Since the economic effects of the COVID-19 pandemic, the job market in the United States has been making gradual progress toward recovery. Despite recent encouraging job growth, it has yet fully returned to pre-pandemic levels. Nevertheless, the crypto market has benefited despite the gradual rebound.
Slow US job growth and crypto
According to the most recent employment data, the United States created 236,000 jobs in March, more than the forecasted 228,000 jobs. Even though this seems like a slight divergence, it is essential to remember that these figures can significantly impact the economy and labor market.
The labor force participation rate, which is still 61.4%, significantly below its pre-pandemic level of 63.3%, reflects the job market’s sluggish recovery. This may indicate that many people are still hesitant to enter the labor market or have had difficulty finding employment.
Moreso, the accelerated FED rate hikes over the past year have contributed immensely to the slow job growth in March amid the fight against inflation.
The weak job growth has significantly impacted the economy, leading to financial instability for many people. However, some people have found some solace in the emergence of cryptos. Many people have invested in digital assets to make money, as the regular employment market has been slow to rebound.
Since February 2020, the United States economy has lost 9.5m jobs. Furthermore, some sectors, including the hospitality and leisure industry, have been struck more severely than others and are working to recover.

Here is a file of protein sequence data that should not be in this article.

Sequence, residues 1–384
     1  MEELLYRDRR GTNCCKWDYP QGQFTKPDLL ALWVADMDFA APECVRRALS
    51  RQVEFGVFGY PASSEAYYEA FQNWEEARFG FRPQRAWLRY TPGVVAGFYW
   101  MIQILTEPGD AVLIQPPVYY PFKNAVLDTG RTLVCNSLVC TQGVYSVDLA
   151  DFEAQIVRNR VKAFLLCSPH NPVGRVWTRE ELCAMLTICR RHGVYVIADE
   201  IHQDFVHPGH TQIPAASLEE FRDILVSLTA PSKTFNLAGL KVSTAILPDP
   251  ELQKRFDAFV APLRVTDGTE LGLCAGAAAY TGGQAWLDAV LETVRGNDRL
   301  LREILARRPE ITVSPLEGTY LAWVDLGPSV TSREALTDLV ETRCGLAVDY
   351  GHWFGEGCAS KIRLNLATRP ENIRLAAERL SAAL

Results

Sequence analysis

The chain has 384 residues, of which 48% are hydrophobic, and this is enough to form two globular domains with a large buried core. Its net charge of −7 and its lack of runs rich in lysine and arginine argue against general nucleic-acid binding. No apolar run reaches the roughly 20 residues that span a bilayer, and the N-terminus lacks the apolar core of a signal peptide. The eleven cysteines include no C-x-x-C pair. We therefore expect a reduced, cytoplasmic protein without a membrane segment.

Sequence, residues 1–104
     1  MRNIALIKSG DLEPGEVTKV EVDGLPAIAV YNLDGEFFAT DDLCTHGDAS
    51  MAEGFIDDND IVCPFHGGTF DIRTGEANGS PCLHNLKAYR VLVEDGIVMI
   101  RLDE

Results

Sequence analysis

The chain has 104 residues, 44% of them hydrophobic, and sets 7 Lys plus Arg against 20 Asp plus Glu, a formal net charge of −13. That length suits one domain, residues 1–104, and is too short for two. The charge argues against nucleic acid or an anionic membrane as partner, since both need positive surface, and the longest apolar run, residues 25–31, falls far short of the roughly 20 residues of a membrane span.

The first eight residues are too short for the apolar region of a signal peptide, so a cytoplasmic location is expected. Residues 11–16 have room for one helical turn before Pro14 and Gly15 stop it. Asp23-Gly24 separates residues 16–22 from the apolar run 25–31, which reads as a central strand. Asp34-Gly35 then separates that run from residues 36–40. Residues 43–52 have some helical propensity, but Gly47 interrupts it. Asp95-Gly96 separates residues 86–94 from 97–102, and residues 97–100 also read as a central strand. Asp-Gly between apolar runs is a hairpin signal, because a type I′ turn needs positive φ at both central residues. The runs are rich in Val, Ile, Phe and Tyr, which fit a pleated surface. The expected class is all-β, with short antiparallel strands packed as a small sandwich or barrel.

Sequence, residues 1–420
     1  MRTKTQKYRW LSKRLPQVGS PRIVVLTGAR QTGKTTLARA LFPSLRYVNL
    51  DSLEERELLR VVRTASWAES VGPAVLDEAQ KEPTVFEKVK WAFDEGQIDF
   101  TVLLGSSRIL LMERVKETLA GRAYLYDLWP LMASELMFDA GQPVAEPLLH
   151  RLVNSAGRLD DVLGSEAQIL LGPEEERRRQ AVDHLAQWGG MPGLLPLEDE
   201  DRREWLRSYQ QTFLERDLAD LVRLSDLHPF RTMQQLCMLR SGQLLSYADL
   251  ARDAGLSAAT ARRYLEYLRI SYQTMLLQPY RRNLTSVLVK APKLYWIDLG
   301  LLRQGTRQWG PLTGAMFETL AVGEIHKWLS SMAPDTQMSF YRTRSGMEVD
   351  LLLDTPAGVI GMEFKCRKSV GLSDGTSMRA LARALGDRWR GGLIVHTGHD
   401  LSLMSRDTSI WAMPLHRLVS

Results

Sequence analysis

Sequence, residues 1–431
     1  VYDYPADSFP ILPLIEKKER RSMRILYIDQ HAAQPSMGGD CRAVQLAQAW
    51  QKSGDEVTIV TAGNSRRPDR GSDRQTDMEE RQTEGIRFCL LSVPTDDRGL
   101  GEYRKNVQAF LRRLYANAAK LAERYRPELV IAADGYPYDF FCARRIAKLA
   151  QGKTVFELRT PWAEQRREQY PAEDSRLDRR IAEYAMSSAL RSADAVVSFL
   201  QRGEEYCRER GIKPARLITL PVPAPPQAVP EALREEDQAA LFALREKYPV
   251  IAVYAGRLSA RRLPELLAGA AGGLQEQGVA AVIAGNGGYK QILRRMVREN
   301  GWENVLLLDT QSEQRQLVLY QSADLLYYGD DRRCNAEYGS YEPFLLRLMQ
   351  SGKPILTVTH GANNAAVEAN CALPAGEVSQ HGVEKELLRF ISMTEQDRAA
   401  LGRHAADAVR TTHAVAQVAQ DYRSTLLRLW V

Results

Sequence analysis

Over the past years, the crypto industry has grown tremendously, with bitcoin (BTC) reaching record highs of over $69,000.
While risks are associated with investing in cryptocurrencies, they have given people a means to make money in an era where traditional job options are few. Some of these people might continue to get exposure in digital assets and utilize them as a secondary source of income when the labor market gradually improves.
US job growth and Fed rates
The Federal Reserve (Fed) has been one of the primary players in this economic expansion. The Fed has significantly impacted job growth through its regulation of interest rates. It can change interest rates to control inflation, impacting job creation and unemployment rates.
When the FED reduces interest rates, firms can borrow money for less money, which can result in more investment and job growth. When borrowing costs are lower, businesses are more willing to invest in new endeavors or increase existing operations. Lower loan rates can also encourage consumer spending, creating jobs as companies adjust to the resulting rise in demand.
Moreover, the cost of borrowing money for businesses increases when the central bank raises interest rates, which may result in less investment and, therefore, slower job growth. Increased interest rates may also result in lower consumer spending, harming firms and ultimately resulting in job losses.
Their decisions could greatly impact how many jobs are churned. While numerous factors affect unemployment rates and job creation, the central bank has a key tool in its arsenal thanks to its power over interest rates.
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